Vitamin D is one of the fat soluble vitamins that research published in July 2009 states may have cancer suppressing properties. Various forms of the vitamin have been discovered each with many similar properties and benefits. In addition to their common effects, the variants have been found to play specific roles in the body. The two main variants in humans are D2 and D3. It often is referred to as the sun vitamin because exposing the skin to direct sunlight allows the body to absorb and create the vitamin in necessary quantities. As people age, their requirement for it increases, as does the requirement for supplementation for those with limited sun exposure. Many foods are now supplemented with a form of the vitamin in order to help prevent deficiencies. These fortified foods may be in milk products, cereals, grains, juices, and are also naturally present in fatty fish, and mushrooms that have been exposed to radiation. In fact, the Sun Bella is a new form of mushroom that has USDA clearance and provides a considerable amount (400 IU) of the vitamin. Because the body stores...
Recent estimates indicate that every year about 20 million babies are born with a low birth weight. This is around 15.5 percent of the total number of annual births - which has been estimated to be 133 million. With such a significant number of newborns exposed to the negative effects of a low birth weight, finding preventative measures is of great importance. The latest research has indicated that if all mothers took multivitamins during pregnancy it may be possible to reduce the incidence of low birth weights by 17 percent.
Dr Prakash Shah and his team from Mount Sinai Hospital, Toronto, recently reported on these global statistics and the potential of this dietary supplementation following work in which they collated research from 15 separate studies on this topic worldwide. These findings are not conclusive as there are too many varying factors between the studies such as, study duration, differences in the supplements provided, participant groups and the timing; however, they are significant.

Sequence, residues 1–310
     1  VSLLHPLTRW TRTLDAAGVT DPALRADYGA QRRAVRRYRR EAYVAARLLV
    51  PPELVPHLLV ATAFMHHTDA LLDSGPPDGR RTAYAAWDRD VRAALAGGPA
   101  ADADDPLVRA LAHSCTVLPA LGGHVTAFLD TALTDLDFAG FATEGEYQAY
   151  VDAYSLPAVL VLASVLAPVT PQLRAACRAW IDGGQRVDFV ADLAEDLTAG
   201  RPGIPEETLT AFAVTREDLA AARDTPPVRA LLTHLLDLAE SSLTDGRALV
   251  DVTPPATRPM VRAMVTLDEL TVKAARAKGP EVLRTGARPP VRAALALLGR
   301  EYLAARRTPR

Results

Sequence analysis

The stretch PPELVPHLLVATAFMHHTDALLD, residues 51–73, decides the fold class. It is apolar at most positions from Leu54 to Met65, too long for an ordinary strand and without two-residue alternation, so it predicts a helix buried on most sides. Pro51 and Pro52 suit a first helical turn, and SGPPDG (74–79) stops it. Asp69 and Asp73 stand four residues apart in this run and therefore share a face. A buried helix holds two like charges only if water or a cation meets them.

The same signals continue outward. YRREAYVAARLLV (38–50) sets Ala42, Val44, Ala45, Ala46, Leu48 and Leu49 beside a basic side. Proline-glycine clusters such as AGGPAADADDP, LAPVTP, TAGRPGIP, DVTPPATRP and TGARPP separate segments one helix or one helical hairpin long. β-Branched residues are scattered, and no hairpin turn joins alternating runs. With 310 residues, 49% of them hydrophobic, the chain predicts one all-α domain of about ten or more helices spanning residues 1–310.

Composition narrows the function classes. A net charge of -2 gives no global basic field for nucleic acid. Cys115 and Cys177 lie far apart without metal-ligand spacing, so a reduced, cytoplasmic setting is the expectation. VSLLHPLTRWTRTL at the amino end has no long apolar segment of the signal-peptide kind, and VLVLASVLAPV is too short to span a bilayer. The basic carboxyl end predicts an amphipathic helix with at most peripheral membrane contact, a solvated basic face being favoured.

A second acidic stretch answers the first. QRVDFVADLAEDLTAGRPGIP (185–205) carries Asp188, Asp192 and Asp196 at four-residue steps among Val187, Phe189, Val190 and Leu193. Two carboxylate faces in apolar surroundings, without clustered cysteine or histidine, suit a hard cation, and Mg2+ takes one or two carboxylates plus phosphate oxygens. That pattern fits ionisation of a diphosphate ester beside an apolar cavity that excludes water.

Micronutrients Versus Iron-folic Acid Supplementation
Traditionally prenatal dietary concerns have focussed on the importance of iron and folic acid. In fact, the World Health Organization currently...
Recent studies have shown that older adults can reduce the risk of non-vertebral (non-spinal) bone fractures by as much as 20% and that of hip fractures by up to 18% by taking vitamin D supplements. Although there have been several clinical trials around this possibility in the past, it is only a recent meta-analysis that has provided conclusive evidence of the link. (A meta-analysis is where the results of several studies on a related topic are combined.)
Up until now, a number of factors have hindered acceptable findings, namely: participants not following the required treatment program, the use of a different form of the vitamin (ergocalciferol, or vitamin D2) which is weaker, or the use of doses that are too low to be effective.
The meta-analysis was based on previous studies which had looked at the benefits of oral supplements of the vitamin in adults upwards of 65 years old. There were 12 studies with a total of 42,279 subjects where the average age was 78 years. 40,886 of these were considered specifically for hip fractures. In each case neither the participants nor the researchers were aware...